20% on the next $43,785, +
24% on the next $18,980, +
25.75% on the amount over $106,555
Ontario5.05% on the first $43,906 of income, +
9.15% on the next $43,907, +
11.16% on the next $62,187, +
12.16% on the next $70,000, +
13.16 % on the amount over $220,000
Manitoba10.8% on the first $32,670 of income, +
12.75% on the next $37,940, +
17.4% on the amount over $70,610
Saskatchewan10.5% on the first $45,225 of income, +
12.5% on the next $83,989, +
14.5% on the amount over $129,214
Alberta10% on the first $131,220 of income, +
12% on the next $26,244, +
13% on the next $52,488, +
14% on the next $104,976, +
15% on the amount over $314,928
British Columbia5.06% on the first $40,707 of income, +
7.7% on the next $40,709, +
10.5% on the next $12,060, +
12.29% on the next $20,030, +
14.7% on the next $40,394, +
16.8% on the amount over $153,900
Yukon6.4% on the first $47,630 of income, +
9% on the next $47,629, +
10.9% on the next $52,408, +
12.8% on the next $352,333, +
15% on the amount over $500,000
Northwest Territories5.9% on the first $43,137 of income, +
8.6% on the next $43,140, +
12.2% on the next $53,990, +
14.05% on the amount over $140,267
Nunavut4% on the first $45,414 of income, +
7% on the next $45,415, +
9% on the next $56,838, +
11.5% on the amount over $147,667

2020 Combined Income Tax Brackets/Rates Canada

To count up how much income taxes an individual in Canada owes the CRA, they have to add their federal and provincial marginal tax rates together. Below are the combined income federal and provincial tax brackets/rates for Ontario and BC, Canada’s most populous provinces.

Ontario

Income thresholdsCombined Marginal Tax Rate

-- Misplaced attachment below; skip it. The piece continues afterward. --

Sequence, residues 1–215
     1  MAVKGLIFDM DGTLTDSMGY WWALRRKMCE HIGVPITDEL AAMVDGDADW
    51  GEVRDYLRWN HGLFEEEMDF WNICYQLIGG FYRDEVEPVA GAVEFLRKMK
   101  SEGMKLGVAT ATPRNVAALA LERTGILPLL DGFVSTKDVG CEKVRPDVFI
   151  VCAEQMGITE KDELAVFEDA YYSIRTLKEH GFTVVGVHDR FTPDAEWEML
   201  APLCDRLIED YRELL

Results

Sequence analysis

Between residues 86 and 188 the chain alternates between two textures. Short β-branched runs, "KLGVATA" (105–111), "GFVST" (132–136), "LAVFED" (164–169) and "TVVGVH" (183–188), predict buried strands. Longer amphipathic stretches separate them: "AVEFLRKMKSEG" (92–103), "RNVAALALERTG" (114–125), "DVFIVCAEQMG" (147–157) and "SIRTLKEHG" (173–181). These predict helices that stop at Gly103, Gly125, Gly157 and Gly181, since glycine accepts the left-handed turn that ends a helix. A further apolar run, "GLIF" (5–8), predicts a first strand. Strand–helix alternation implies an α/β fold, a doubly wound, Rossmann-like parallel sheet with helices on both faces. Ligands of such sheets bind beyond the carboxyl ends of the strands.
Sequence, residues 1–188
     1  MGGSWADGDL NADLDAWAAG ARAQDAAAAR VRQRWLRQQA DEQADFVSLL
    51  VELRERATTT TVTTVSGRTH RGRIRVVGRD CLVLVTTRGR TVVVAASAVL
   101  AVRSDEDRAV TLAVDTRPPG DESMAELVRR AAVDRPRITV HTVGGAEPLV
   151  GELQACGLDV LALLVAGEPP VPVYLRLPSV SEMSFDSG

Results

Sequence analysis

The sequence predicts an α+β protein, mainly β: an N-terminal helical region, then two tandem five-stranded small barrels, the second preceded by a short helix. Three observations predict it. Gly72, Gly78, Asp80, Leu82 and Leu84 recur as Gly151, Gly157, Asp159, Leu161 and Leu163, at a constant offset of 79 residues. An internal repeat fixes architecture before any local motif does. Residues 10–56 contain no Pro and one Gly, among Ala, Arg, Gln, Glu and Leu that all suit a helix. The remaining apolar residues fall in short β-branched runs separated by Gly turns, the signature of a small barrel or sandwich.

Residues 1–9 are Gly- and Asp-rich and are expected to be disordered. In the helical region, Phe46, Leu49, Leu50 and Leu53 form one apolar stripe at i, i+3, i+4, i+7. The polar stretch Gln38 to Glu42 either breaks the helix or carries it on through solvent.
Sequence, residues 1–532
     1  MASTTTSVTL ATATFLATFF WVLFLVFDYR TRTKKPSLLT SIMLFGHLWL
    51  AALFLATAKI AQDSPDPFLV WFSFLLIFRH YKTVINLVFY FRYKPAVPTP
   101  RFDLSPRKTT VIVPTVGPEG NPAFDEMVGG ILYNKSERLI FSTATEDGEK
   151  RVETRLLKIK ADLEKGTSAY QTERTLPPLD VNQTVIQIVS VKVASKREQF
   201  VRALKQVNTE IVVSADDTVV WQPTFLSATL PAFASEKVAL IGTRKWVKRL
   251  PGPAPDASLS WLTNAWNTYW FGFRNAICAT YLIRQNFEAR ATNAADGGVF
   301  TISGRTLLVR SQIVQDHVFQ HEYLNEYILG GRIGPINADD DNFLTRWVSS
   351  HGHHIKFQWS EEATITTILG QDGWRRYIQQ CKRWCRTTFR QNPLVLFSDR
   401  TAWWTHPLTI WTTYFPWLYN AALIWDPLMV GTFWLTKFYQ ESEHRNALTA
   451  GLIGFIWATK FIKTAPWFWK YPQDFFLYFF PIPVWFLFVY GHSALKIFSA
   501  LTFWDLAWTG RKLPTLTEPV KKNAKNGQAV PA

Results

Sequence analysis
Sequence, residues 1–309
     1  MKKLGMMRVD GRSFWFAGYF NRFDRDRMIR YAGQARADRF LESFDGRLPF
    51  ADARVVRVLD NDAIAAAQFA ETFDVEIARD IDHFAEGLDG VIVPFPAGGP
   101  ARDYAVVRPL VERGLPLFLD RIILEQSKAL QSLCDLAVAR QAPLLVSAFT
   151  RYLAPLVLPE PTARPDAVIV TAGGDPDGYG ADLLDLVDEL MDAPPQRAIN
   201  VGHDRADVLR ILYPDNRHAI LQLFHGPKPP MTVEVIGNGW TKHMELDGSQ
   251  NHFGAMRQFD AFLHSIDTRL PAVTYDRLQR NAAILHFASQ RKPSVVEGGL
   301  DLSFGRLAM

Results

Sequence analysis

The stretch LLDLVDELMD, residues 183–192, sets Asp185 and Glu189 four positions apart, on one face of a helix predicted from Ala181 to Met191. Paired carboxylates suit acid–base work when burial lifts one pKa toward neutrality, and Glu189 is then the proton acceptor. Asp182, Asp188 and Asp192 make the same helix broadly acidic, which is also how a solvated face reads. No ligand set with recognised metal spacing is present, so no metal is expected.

$0 – $10,7830%
$10,784 – $12,2985.05%
$12,299 – $44,74020.05%
$44,741 – $48,53524.15%
$48,536 – $78,78329.65%
$78,784 – $89,48231.48%
$89,483 – $92,82533.89%
$92,826 – $97,06937.91%
$97,070 – $150,00043.41%
$150,001 – $150,47344.97%
$150,474 – $214,36847.97%
$214,369 – $220,00051.97%
Over $220,00053.53%

British Columbia

Income thresholdsCombined Tax Rate
$0 – $10,9490%
$10,950 – $12,2985.06%
$12,299 – $41,72520.06%
$41,726 – $48,53522.70%
$48,536 – $83,45128.20%
$83,452 – $95,81231.00%
$95,813 – $97,06932.79%
$97,070 – $116,34438.29%
$116,345 – $150,47340.70%
$150,474 – $157,74843.70%
$157,749 – $214,36845.80%
over $214,36849.80%

Example Individual Income Tax Payable in Canada

Sarah earns $100,000 per year. She lives in Toronto. Sarah will be taxed by the Federal and Ontario Governments. Canada and Ontario have marginal tax rates, so Sarah’s earnings will be taxed at a higher rate as she progresses up the income tax brackets (see tables above). To that end, Sarah will owe $15,240 in federal income tax and $8,139 in provincial tax or $27,133 in total to the CRA at the end of the year. Sarah’s average marginal tax rate is 27.13%.


There are various ways to minimize income taxes in Canada, mostly through income deductions, moving your earnings into an RRSP or TFSA or other tax credits. Speak to a tax planner or use tax software like TurboTax or SimpleTax to calculate your income tax and learn about ways to minimize your tax bill.

If you are terminated from work, you can read how to limit the amount of tax that is taken off your severance package.